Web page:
UK health spending ‘needs to be 13% higher’ to match German or French levels
NHS Providers chief executive Chris Hopson said the NHS can no longer meet performance standards on current funding levels.
Hospitals in England are spending £900 less per person than Germany, an expert has warned.
Chris Hopson, chief executive of NHS Providers, said the argument for additional funding for the health service is “clear” as he warned that it could not continue to operate in the “red zone”.
He said that UK health spending needs to be around 13% higher to match German or French levels of health spending.
Speaking at the NHS Providers conference in Birmingham, Mr Hopson described the effects of the NHS being in the middle of the “longest and deepest” financial squeeze in its history.
He pointed out that the NHS in England missed all four major targets – the four-hour A&E standard, the 18-week elective surgery waiting time standard, the expectation that cancer patients will begin treatment within 62 days and the ambulance response time target.
He said that the NHS can no longer meet performance standards on current funding levels.
Meanwhile he warned that the health service was “slipping back” on improvements made throughout the 2000s.
“The simple point is that if we want the best care, we have to pay for it. UK health spending would need to be around £24 billion, or 13% higher, to match current German or French levels of health spending,” Mr Hopson said.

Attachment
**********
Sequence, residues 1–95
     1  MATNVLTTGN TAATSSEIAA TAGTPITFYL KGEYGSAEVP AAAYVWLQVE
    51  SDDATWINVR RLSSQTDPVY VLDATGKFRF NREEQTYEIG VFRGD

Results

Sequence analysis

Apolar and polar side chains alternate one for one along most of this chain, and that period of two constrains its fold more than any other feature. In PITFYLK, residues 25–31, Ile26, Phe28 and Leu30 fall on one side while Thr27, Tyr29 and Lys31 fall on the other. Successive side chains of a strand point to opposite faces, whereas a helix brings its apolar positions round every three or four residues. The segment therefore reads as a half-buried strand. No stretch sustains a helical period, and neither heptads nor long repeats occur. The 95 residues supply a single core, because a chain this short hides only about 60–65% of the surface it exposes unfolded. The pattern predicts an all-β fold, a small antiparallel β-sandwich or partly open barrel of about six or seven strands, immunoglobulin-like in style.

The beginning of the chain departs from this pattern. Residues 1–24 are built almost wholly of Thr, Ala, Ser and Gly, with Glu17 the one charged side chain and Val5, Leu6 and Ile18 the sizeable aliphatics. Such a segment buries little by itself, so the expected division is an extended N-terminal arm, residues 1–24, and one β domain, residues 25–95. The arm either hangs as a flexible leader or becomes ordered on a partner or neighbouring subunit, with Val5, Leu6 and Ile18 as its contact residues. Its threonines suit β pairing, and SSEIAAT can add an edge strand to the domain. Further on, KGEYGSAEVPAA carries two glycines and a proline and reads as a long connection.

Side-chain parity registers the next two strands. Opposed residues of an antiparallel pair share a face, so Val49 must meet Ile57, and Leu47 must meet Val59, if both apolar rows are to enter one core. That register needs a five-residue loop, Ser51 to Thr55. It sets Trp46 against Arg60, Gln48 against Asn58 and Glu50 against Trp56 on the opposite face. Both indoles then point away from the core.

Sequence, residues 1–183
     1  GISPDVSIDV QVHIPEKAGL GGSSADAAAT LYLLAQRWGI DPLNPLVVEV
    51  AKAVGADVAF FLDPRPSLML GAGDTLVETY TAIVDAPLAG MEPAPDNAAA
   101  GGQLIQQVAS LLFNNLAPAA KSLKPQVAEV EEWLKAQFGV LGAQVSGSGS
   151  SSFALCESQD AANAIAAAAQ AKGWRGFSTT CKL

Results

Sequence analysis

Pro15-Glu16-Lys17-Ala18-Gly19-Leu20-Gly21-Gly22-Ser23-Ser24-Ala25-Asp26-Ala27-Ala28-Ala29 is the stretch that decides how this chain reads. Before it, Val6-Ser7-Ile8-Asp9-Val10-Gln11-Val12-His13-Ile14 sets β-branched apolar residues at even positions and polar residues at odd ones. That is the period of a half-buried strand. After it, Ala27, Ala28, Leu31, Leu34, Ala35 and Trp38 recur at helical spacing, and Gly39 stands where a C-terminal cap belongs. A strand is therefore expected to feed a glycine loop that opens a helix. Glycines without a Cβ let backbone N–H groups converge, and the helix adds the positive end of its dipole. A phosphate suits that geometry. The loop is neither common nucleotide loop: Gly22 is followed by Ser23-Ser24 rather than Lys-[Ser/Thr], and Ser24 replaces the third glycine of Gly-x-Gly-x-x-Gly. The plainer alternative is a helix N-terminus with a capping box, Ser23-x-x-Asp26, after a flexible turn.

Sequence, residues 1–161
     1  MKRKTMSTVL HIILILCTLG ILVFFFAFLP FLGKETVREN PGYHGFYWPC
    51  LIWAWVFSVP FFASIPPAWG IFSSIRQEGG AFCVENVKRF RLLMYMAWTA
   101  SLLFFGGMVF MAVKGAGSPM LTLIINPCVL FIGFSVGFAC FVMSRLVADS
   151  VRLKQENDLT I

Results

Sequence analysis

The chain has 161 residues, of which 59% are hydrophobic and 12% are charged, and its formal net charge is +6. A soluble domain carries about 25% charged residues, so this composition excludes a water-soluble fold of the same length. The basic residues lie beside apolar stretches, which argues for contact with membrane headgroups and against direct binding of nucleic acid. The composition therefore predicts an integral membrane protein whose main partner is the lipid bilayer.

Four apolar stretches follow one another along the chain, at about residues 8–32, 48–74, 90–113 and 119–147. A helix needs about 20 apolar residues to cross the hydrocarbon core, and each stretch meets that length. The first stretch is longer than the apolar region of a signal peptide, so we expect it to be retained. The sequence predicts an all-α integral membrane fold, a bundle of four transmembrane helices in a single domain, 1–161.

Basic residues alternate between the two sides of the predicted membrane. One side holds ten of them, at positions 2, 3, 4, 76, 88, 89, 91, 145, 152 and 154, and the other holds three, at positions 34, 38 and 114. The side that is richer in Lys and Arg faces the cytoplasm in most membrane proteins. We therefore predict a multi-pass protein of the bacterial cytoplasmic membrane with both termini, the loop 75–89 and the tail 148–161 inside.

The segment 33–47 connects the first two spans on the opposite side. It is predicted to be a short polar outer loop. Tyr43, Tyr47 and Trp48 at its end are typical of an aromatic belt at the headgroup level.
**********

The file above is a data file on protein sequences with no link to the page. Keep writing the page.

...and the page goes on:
“If we wanted to spend as much per head of population as the French do, we’d need to be spending £300 a year more per person. To match the Germans we’d need to be spending £900 a year more per person. Sobering figures which show that, in the end, as my dad used to say, you get what you pay for.”
He added: “We are now trying to run the NHS above its sustainable limits, well into the red zone.
“And a growing, tangible, frustration that the hard-fought gains of the 2000s across a range of measures – for example, waiting times and single sex wards – are starting to slip back at increasing pace.”
He said that the NHS budget and staff numbers are growing but they are not keeping up with demand and to meet performance standards.
Figures from the Office for National Statistics show that in 2014 the UK spent £2,777 per person on healthcare.